When one thinks of the Revolutionary War, a simple tale of freedom from an overbearing and unwelcome government is typically the thing that springs to mind. But as with all simple tales, the true story of the American Revolution is far more complex.
One of those complexities can be found in the experience of black inhabitants of the American colonies. Though it is rarely brought up in historical discussions, black soldiers played a significant role on both sides of the Revolutionary War.
It’s no secret that, as America won its freedom from British colonial rule, that freedom only applied to a select portion of the people living there. For the enslaved blacks working for the rebellious Patriots, it may seem like fighting for the Loyalist cause was the obvious choice. After all, the Tories had promised black Loyalists their freedom once the Brits won—but many believed, perhaps too optimistically, that the Patriots would also free any black men who had been so committed as to fight for their freedom.
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However they were convinced, there were plenty of both slaves and free black men fighting for the Patriot cause, either for monetary bounties, a chance at their own freedom, or through a draft. All in all, roughly 9,000 black soldiers fought on the side of the Patriots during the war, while an estimated 20,000 fought for the Loyalists.
One of the more famous black men amongst the Patriots was Crispus Attucks—a man martyred for the cause of American freedom. When the Boston Massacre broke out in March of 1770, Attucks was believed to be the first to fall.
Through other such iconic Revolutionary War battles as Lexington and Concord or the Battle of Bunker Hill, many slaves were freed so they could join the American militia—though the end of the war resulted in the re-enslavement of most of them. Peter Salem is among the more notable soldiers, serving for five years before actually moving on to a more peaceful life of freedom.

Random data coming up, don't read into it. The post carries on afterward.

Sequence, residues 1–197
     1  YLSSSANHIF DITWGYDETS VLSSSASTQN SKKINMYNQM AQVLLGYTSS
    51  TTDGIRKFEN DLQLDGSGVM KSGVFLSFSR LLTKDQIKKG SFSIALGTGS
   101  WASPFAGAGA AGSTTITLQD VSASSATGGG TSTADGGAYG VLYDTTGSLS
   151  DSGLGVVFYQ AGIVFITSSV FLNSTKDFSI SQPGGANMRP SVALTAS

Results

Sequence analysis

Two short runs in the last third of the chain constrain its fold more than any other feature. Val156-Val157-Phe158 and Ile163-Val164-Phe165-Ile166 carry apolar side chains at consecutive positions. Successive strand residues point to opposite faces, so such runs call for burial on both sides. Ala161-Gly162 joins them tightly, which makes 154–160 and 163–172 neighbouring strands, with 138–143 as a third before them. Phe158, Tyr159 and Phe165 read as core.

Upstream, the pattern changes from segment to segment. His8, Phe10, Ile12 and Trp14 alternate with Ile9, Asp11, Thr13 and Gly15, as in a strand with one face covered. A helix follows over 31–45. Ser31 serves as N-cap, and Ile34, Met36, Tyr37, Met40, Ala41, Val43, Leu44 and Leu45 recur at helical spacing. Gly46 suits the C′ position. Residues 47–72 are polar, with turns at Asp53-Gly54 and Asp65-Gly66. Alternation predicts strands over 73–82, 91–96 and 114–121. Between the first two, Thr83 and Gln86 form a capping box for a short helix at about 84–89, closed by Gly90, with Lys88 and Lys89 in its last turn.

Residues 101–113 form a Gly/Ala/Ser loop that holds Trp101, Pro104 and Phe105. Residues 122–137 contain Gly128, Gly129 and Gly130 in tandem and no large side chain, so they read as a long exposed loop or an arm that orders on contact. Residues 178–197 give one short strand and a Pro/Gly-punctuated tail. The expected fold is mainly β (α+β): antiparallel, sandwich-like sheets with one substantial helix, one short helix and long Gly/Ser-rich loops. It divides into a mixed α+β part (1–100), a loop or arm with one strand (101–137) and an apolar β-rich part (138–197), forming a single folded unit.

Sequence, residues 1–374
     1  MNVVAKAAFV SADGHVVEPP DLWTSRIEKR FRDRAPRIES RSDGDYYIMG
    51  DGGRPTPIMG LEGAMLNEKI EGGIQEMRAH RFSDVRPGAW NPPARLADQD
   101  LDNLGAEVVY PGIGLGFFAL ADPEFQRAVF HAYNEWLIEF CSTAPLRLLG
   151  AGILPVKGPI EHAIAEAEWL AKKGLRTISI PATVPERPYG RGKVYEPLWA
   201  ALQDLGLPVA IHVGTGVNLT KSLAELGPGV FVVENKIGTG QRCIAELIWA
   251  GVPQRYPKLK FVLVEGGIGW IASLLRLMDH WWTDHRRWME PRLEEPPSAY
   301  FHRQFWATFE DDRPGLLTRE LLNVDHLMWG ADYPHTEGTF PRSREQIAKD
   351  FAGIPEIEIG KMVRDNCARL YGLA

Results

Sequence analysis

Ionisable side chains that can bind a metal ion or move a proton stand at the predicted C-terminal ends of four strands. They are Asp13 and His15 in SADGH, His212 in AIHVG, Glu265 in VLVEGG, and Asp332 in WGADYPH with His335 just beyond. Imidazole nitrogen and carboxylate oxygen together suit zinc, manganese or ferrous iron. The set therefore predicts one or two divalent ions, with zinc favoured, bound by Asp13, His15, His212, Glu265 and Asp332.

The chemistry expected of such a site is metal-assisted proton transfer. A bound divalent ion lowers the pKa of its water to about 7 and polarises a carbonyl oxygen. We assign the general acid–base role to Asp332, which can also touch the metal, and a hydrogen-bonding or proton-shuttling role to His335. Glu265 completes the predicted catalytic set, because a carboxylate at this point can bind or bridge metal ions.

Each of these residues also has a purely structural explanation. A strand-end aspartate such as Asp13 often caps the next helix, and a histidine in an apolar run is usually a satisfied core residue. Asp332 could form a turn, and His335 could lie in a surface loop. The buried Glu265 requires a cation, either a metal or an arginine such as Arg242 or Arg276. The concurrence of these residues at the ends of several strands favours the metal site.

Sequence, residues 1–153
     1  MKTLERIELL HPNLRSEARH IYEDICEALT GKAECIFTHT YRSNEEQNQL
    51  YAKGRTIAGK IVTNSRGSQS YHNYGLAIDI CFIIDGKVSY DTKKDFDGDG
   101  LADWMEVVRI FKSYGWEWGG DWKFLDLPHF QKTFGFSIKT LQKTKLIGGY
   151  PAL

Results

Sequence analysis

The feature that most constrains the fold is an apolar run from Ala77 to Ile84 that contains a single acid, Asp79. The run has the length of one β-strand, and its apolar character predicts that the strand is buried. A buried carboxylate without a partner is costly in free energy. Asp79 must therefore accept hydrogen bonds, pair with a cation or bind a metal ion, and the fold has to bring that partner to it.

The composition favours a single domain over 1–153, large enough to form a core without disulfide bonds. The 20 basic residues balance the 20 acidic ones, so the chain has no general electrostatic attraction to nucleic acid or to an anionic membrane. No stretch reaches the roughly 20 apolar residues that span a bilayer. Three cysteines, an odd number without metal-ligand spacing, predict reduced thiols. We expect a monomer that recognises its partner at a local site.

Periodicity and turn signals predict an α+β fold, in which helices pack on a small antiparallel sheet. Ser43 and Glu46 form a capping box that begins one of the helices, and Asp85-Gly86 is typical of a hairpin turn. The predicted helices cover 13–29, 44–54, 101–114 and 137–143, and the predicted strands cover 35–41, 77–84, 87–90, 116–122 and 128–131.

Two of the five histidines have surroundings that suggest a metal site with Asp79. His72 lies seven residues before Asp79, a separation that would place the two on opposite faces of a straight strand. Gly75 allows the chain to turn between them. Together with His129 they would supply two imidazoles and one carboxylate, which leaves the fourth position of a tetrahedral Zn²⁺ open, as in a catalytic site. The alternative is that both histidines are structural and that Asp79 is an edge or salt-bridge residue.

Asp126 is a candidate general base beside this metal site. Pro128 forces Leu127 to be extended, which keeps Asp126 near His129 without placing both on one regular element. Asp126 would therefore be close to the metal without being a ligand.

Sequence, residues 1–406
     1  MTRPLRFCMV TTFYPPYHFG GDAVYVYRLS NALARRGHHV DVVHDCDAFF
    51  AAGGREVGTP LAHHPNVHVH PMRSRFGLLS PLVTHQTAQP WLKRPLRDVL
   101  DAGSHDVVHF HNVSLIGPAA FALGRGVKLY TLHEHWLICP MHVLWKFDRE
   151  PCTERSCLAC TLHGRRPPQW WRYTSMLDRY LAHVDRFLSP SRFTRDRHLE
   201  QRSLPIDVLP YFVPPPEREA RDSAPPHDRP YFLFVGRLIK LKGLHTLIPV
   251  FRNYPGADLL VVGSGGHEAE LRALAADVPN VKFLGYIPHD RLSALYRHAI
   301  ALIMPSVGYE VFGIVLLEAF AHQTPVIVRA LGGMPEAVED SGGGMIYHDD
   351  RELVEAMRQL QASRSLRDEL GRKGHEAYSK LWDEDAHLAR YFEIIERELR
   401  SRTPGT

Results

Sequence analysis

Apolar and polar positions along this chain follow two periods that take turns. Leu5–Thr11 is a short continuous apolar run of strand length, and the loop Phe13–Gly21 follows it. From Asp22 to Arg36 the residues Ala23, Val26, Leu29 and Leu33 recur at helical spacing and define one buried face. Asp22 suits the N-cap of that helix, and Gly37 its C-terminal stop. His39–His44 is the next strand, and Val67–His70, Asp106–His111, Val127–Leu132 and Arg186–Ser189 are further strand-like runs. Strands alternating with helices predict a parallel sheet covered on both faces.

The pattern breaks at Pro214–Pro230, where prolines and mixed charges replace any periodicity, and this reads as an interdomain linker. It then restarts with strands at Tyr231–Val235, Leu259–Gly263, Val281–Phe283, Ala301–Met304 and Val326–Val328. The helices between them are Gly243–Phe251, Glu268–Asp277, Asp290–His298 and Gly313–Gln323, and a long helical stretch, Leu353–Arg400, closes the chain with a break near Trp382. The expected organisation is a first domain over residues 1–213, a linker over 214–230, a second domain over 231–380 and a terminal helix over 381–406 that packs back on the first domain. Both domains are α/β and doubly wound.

As for the Loyalists, many feared that arming enslaved Africans would result in broader slave revolts—so they began relegating black soldiers to spying and supporting British soldiers rather than allowing them to take part in battle.
However, in the final months of the war, British manpower was at an all-time low, and black forces were finally utilized in battle. Lord Dunmore’s Ethiopian Regiment was the most well known use of African soldiers, outfitting them in special uniforms proclaiming “Liberty to Slaves” across the breast. This regiment was heavily utilized in the south where the slave presence was the highest, and visible British acceptance of black soldiers spurred the Patriots to further embrace such efforts on their own side.
In author Alan Gilbert’s book, Black Patriots and Loyalists, a combination of primary sources and first-person accounts are used to flesh out the truth behind the American Revolution. Two wars were being waged on American soil, and freedom hung in the balance for both. In the excerpt of Gilbert’s work below, get a glimpse into the arguments used during wartime in favor of emancipation—nearly a hundred years before American slavery would end.